From Historical Narratives to Trauma Narratives: Universal Reactions to Surviving the Vietnam War

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Buchanan, Evan
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Middle Tennessee State University
Regardless of nationality, culture, spirituality, ideology, or gender, survivors (including combatants and noncombatants) of war express the symptoms of combat trauma in undeniably similar ways. Veterans' Administration (VA) psychiatrist Dr. Jonathan Shay has noted the most destructive of these symptoms in the factual accounts of his Vietnam veteran patients. This thesis argues, though, that the same symptomatic manifestations recognized by Shay also appear with regularity in the fictional record of the Vietnam War. Foremost among these are a tendency to remain combat-ready; a reliance on misdirection and misrepresentation; and a dependency on drugs and alcohol.
More specifically, veterans may remain combat-ready by using combat survival skills, by seeing danger in their surrounding environment, and by viewing civilian life as a combat mission. Furthermore, survivors of war commonly use the tactics of misdirection and self-misrepresentation as a way to test--and keep at a distance--others. Additionally, survivors of the Vietnam War in the literature often abuse alcohol, use prescription and illicit drugs, or perform other more innocuous behaviors compulsively in order to escape from and/or provoke distressing memories of war.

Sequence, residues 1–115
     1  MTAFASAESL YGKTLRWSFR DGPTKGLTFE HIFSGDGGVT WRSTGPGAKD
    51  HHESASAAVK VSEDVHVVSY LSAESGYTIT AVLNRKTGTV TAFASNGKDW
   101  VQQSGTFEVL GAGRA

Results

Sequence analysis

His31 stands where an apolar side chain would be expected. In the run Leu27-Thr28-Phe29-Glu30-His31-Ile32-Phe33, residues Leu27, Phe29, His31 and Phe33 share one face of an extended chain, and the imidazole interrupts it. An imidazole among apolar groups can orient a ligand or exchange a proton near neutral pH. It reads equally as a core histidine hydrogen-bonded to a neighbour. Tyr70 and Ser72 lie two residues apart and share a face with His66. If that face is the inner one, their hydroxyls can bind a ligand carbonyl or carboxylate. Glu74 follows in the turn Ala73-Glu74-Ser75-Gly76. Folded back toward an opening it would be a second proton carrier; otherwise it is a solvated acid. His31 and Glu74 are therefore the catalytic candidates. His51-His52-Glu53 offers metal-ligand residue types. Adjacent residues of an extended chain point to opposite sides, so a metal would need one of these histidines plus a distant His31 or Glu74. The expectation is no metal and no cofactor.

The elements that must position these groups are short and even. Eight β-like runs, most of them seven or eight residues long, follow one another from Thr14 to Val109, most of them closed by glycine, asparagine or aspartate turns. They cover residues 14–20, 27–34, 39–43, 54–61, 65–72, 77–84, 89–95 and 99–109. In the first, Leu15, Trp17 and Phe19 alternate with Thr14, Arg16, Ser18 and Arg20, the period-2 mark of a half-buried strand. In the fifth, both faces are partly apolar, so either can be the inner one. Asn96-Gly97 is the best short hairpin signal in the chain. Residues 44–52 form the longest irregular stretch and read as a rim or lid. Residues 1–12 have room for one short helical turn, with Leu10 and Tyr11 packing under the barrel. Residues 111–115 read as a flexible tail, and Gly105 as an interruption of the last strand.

Finally, this thesis argues that the common use of postmodern literary techniques among veteran and refugee authors can be best understood as yet another manifestation of combat trauma. Much of the literature of the Vietnam War is decisively postmodern in that it is distrustful of metanarrative and resists singular conceptions of identity. Furthermore, authors are often distrustful of the modern war narrative form and gravitate towards a more fractured approach to writing.